Marc Thiessen, former White House staffer and a weekly columnist for the Washington Post,
was blunt: “Let’s be clear: WikiLeaks is not a news organization; it is a
criminal enterprise. Its reason for existence is to obtain classified national
security information and disseminate it as widely as possible — including to
the United States’ enemies.”

Assange himself now finds himself living like a virtual
fugitive. Originally from Australia, he is looking for a safe haven were he
won’t be subject to a possible prosecution under the 1917 U.S. Espionage Act,
the same legislation that was used to prosecute Ellsberg.

This seems odd, since a Pentagon spokesman has called the
latest release “mundane”, and former British Prime Minister Tony Blair insisted
that it contained nothing new. Some have argued that authorities simply want to
ensure future leaks are plugged before they can cause any further

Nevertheless, the level of international intrigue
surrounding Assange seems to grow daily. He applied for Swedish residency, but
shortly afterwards was accused of molestation and rape by two women there.
Assange maintains it was a set-up, but whatever the case, it torpedoed his
attempt to settle there. He is now looking at Switzerland as a possible new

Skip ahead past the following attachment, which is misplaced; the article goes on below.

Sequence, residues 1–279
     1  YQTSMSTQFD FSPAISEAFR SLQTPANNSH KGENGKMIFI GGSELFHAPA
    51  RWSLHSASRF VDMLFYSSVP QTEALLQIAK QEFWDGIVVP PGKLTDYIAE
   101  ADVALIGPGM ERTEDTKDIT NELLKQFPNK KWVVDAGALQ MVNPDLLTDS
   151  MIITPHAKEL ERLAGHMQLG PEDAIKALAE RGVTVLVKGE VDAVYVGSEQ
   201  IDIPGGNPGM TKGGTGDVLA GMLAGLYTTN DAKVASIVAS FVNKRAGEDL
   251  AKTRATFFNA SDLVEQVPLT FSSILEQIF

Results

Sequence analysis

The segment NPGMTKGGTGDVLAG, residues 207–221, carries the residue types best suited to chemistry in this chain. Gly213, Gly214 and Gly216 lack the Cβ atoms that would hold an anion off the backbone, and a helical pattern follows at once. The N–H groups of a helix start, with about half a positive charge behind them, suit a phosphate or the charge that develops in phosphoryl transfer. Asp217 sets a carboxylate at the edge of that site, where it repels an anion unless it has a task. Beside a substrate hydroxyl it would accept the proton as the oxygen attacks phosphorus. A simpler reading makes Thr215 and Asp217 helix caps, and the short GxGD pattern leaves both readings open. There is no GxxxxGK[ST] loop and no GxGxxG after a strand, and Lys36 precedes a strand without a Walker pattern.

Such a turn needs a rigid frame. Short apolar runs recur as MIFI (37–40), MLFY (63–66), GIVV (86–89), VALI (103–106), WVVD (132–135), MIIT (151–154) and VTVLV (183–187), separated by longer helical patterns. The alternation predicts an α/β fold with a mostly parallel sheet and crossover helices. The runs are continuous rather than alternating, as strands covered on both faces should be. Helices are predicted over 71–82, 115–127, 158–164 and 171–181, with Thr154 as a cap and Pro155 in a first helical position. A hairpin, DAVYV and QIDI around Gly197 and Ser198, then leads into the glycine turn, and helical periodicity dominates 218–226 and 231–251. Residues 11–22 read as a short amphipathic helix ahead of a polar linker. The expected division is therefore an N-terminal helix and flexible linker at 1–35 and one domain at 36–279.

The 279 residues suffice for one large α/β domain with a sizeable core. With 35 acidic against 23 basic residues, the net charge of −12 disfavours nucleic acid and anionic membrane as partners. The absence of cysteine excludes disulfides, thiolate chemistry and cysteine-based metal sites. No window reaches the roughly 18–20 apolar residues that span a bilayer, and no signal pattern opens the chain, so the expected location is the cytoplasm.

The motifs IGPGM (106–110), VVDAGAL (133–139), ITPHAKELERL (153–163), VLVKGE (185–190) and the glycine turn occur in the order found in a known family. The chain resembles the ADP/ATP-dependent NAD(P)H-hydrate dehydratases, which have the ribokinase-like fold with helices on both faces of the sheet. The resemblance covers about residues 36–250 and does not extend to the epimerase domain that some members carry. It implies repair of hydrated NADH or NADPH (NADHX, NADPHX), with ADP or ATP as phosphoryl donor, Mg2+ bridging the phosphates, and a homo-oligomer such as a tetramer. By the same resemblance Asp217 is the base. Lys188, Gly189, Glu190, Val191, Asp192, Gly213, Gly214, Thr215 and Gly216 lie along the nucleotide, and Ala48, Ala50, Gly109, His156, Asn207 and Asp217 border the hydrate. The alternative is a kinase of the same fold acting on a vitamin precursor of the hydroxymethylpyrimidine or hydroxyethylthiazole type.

home. A former professional hacker, he protects the security of the site by
routing his servers through a maze of complex connections in safe locations.

In response to the backlash, especially from some sectors
of the reporting community, a group of international investigative journalists
is now coming to the defence of Assange and WikiLeaks. A statement of support,
signed by members and associates of a global investigative journalism
association, seeks to defend the principle and practice of the site.

“We believe that Mr Assange has made an outstanding
contribution to transparency and accountability on the Afghanistan and Iraq
wars, subjects where transparency and accountability has been severely
restricted by government secrecy and media control,” the statement says. “He is
being attacked for releasing information that should never have been withheld
from the public.”

The statement, which has already been signed by
journalists from more than 40 countries, defends WikiLeaks’ right to post
confidential military documents. “If it is espionage to publish documents
provided by whistleblowers, then every journalist will eventually be guilty of
that crime. Mr Assange deserves our support and encouragement in the face of
the attacks.”

Investigative journalism seeks to hold powerful people and
interests to account, and that inevitably means challenging the status quo. The
history of such reporting shows that those same powerful interests often strike
back, launching counter-offensives. How this current battle will end is
unknown, but it is fascinating to see how members of the journalism community
are aligning themselves in the process.

The full statement in support of WikiLeaks is
available at the Global Investigative Journalism Network website.